At this point, our expenses are pretty firmly entrenched. Although our grocery budget still has room for improvement, it doesn’t fluctuate a whole lot. When we shop, we bring a list, and it is more or less the same items we buy again and again, plus checking the reduced aisle.

I don’t even notice the soda or candy aisle any more, I am so used to just walking past it. Ask me where a particular deli meat is or a specific frozen dinner, and I’d be completely at a loss, but I can point you to the exact shelf and row they keep rolled oats or canned tomatoes in (unless they recently moved them). I know there’s a hairdresser in the same building, but it does not even occur to me to visit them.

If you’re a creature of habit too, embrace it! So many people seem to think that a successful life is filled to the brim with activities and action all the time. I’ve met plenty of people who find my life dull, while I get exhausted just hearing about their weekly routine.

Don’t be ashamed of it, it is a great tool on the path to financial independence!

Fair disclosure: This could also be a disadvantage if you’ve created a lot of expensive habits for yourself, such as donuts or coffee runs to compensate for a stressful job.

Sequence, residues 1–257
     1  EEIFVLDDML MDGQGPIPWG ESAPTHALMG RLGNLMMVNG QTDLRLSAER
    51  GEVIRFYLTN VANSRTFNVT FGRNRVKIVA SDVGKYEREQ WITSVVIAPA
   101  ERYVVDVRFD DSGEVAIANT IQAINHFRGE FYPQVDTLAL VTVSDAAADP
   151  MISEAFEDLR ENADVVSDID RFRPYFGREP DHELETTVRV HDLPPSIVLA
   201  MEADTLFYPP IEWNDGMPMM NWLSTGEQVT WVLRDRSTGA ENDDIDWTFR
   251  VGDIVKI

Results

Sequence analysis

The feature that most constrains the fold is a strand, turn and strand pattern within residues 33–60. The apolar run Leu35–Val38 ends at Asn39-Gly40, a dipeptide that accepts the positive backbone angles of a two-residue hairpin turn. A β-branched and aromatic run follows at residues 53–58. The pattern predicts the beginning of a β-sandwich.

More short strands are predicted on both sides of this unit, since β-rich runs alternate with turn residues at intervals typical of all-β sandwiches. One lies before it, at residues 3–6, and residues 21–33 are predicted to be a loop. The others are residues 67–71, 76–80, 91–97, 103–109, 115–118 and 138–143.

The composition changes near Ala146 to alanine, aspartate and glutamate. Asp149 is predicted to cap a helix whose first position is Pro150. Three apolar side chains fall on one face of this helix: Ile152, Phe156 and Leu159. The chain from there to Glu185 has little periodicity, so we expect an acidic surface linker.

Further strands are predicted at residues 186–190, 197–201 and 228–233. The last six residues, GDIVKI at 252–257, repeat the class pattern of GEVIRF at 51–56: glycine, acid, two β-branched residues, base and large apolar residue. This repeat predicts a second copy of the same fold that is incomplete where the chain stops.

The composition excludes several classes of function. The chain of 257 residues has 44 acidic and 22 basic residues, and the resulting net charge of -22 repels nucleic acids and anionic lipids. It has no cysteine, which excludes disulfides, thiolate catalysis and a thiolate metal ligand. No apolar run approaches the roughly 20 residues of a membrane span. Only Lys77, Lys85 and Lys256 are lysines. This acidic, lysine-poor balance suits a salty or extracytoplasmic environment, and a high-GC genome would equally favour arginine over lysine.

Resilience To Peer Pressure And Advertising

I don’t know if it is because of growing up as an outsider, or if there is some mental wiring that is just different, probably a mixture of both, but most other autistic people I’ve met share a blatant disregard for peer pressure and a resilience to advertising.

Sweater too old and unfashionable? Who cares, it’s comfortable.

Other/”cool” people drinking and smoking? So what? I would rather sit here and play my game/watch the clouds/enjoy x y or z. Plus, smoke stings my eyes and nose. No thank you.

I know people can learn this resilience to peer pressure and advertisement over time, but while autistic people might have to learn and train on social skills, we seem to be blessed with an ingrained shrug against people and a society that wants us to do something we do not want to.